Was this page helpful?
Your feedback about this content is important. Let us know what you think.
Additional feedback?
1500 characters remaining
Export (0) Print
Expand All

Configuring CCF to Use HTTPS (SSL) on IIS 6.0

The operation of CCF depends on interaction with Web services. A typical CCF environment is built on servers, clients, and networks, all of which are secure. You can use SSL to add another level of security to the Web sites.

To use SSL successfully, the solutions integrator (SI) must obtain a valid server certificate signed by a trusted root authority.

If obtaining a certificate is not feasible, you can use a certificate self-test tool called selfssl.exe. This tool is part of the IIS 6.0 Resource Kit available from Microsoft. You can use this tool to generate a self-signed, trusted certificate. The tool has its own command line.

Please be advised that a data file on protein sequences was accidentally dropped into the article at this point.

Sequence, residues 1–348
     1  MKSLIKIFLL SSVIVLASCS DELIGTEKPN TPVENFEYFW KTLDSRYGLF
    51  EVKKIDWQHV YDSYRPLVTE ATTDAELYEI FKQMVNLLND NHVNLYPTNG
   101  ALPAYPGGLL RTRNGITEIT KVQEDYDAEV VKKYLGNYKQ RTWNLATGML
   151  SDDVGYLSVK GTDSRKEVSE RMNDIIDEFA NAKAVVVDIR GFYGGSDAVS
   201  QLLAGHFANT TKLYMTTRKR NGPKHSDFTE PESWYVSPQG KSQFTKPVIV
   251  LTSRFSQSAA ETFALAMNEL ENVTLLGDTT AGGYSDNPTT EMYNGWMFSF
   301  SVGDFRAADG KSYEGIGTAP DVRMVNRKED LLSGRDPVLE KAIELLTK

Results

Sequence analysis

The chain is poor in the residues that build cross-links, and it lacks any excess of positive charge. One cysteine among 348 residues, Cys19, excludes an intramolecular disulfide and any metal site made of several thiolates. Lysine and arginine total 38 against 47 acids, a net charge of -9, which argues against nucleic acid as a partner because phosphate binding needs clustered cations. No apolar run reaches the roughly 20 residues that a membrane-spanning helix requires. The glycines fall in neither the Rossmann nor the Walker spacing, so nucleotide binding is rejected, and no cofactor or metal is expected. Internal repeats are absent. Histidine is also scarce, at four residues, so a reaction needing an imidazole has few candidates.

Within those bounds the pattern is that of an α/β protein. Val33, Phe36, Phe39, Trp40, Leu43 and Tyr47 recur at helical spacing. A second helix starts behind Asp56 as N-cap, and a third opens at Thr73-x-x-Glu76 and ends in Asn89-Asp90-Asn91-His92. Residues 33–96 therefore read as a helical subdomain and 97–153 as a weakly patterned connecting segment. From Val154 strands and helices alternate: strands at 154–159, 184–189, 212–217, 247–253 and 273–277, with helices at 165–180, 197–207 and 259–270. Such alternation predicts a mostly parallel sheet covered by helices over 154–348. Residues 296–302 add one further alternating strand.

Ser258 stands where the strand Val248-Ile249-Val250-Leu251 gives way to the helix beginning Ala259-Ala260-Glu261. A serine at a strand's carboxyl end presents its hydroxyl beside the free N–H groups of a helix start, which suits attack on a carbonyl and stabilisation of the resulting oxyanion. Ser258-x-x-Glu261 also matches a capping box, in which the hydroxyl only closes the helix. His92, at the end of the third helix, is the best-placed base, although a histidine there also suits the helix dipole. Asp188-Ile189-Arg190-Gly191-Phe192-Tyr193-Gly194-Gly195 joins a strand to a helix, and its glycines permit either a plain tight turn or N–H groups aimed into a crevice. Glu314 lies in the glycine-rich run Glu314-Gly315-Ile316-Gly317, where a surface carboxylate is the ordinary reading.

To start the self-test tool

  1. On the Start menu, click All Programs, and then click IIS Resources.
  2. Type the following:

selfssl /T /N:CN=CCFIIS /k:2048 /v:9999 /s:3 /p: 8443


  • /T – adds the self-signed certificate to the Trusted Certificates list. This tells the local browser to trust the self-signed certificate
  • /N:CN<IisServer>= – specifies the common name of the certificate. If you do not specify a common name, then the tool uses the computer name. In the example, the machine name is CCFIIS; however, yours should be the machine name for your IIS server.
  • /K:key size – specifies the key length. The default is 1024.
  • /V: – specifies the number of days that the certificate will be valid. The default is 7.
  • /S:site id – specifies the ID of the site. The default is 1.
  • /P:port – specifies the SSL port. The default is 443.
  • /Q – specifies quiet mode. If you specify quiet mode, you will not be prompted when SSL settings are overwritten.
For security reasons, do not use of self-signed certificates for any purpose other than testing or development.

Was this page helpful?
(1500 characters remaining)
Thank you for your feedback
© 2015 Microsoft